Wednesday, 2 November 2016


[Update: Oct 6, 2017]: The 2nd Invictus Games, created by Prince Harry, and the only international multi-sporting event for  wounded, injured and sick service men and women, have been a great success, not only - and most importantly - in helping the participants to rise above any disability and all the emotional baggage that goes with it, but also in helping able-bodied audiences around the world to appreciate their efforts; disabled people are far too often stereotyped, even all but written off because the less enlightened see only the disability, not the person. More yet needs to be done for war veterans worldwide to encourage those who feel undermined and undervalued by virtue of this or other disability to give them a shared purpose in life, restore self-esteem, let them feel appreciated for who they are and for their self-sacrifice on our behalf without any sense of being patronised. Three Cheers for Prince Harry for having the sensibility and insight to found the event; his mother would have been very proud of him for it.]

November 11, Armistice Day, will see the commemoration of an armistice signed between the Allies and Germany at Compi├Ęgne, an agreement that ended the fighting on the Western Fron that went into effect at 11 a.m. Paris time on 11 November 1918. While it marked a victory for the Allies and a complete defeat for Germany, it was not a formal surrender; although the armistice ended all actual fighting, it took six months of negotiations at the Paris Peace Conference to conclude a peace treaty, the Treaty of Versailles.

Today’s poem first appeared under the title, Epilogue in the on-line poetry journal, Ydrasil (2009) and Poetry Monthly International (2010)before I changed the title yet again for my collection. (It sometimes takes a good while for me to feel 'right' about a title.) I wrote it soon after a former soldier I’d met in a bar had been telling me about a friend and former comrade who was in prison. The friend has been found guilty of attacking an ‘innocent’ party who had been goading him about looking better in uniform than in a suit. Apparently, he was on probation at the time. My companion commented, ‘It’s hard. You go to a war zone a whole person but each time you come back it’s like something more of that person is missing. Part of you dies out there or goes AWOL at the very least. I guess how much so is different for everyone…’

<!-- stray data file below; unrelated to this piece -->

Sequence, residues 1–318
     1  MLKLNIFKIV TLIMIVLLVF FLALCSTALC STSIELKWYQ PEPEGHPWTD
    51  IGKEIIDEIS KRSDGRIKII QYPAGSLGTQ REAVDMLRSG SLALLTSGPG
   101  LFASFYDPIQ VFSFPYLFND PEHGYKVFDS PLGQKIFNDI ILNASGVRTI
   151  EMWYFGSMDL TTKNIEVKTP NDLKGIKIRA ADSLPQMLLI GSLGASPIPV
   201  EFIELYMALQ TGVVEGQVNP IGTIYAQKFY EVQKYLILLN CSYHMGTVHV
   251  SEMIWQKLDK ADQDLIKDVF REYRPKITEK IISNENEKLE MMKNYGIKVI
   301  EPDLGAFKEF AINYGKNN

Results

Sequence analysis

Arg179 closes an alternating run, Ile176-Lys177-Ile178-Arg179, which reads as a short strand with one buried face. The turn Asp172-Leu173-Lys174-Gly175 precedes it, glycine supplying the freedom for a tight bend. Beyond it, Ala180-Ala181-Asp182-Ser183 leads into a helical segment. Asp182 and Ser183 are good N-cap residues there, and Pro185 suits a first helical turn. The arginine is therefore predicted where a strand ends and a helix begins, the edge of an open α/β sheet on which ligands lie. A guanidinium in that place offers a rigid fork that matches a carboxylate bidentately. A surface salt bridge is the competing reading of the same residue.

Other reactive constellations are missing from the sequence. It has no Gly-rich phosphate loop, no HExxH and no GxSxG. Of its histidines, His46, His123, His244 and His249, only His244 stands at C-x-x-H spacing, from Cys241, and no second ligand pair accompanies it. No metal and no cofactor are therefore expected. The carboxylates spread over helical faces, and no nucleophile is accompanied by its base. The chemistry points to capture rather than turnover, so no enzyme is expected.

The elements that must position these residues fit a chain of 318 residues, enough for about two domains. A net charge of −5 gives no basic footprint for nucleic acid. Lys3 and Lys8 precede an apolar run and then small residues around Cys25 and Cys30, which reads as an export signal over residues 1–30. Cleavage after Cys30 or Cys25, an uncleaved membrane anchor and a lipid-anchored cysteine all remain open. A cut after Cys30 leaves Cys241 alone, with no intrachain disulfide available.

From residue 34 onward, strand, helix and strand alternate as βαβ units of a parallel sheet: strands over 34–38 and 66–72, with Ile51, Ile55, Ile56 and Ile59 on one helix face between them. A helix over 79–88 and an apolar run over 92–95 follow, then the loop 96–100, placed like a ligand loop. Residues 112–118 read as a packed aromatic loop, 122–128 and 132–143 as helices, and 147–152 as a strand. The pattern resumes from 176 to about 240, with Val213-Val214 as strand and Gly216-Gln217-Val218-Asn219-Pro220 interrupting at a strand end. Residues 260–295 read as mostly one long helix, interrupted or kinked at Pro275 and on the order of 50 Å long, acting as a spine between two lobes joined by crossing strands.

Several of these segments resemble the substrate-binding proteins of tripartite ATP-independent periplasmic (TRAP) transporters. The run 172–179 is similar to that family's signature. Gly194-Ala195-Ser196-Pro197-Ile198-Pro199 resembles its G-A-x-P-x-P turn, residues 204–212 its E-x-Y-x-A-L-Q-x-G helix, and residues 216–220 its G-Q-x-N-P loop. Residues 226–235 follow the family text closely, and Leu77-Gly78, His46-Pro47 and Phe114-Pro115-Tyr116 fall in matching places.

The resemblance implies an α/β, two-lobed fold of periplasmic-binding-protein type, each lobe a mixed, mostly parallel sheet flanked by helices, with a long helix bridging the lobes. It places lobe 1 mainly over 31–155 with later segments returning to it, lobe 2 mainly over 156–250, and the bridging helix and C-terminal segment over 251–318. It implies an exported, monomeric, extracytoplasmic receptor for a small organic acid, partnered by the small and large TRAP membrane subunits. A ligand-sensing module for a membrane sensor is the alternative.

Many ex-service personnel (anyone, anywhere) need help to adjust to everyday life once they are home again either on leave or after being discharged. While it is important to help the injured and support the bereaved, there are also men and women who carry no visible signs of having been to war, but are just as much in need of our support and understanding as well as (in some cases) professional counselling. 

The man in the bar told me something else. ‘You have to be tough to fight, really tough. Show any weakness, and if the enemy doesn’t get you, your own side will. Back home, it can often feel like there’s a total stranger living in your skin and the chances are you don’t like that person at all. It's like the old self is all but dead. Sometimes the best part of that old self will make its way back, sometimes not. I dare say it’s the same for both sides in any war…’

All disabled people - regardless of colour, creed, sex or sexuality - are an inspiration, of course, heroes of battles they face daily; win some, lose some, but never losing the will or resolve to get the better of both disability and the misleading stereotypes it so often attracts.

This poem is a villanelle.


I so look up to you with love and pride
for all the best qualities you nurture,
whose light rekindled that all but died…

That first time you went to war, I cried
while you but longed for adventure;
I so look up to you with love and pride

In Iraq, your worst fears chose to hide
behind a ‘true grit’ human nature
whose light rekindled that all but died

In Afghanistan, you fought side by side
with the bravest, a born again warrior;
I so look up to you with love and pride

You saw friends killed or injured, tried
to see hell as part of a bigger picture
whose light rekindled that all but died

You seemed to take it all in your stride,
even carrying coffins on your shoulder;
I so look up to you with love and pride,
whose light rekindled that all but died…

Copyright R. N. Taber 2012; 2016

[Note: This poem appears under the title 'Missing, Believed Killed' in 1st eds. of Tracking the Torchbearer by R. N. Taber, Assembly Book, 2012; revised ed. in e-format in preparation.]

No comments :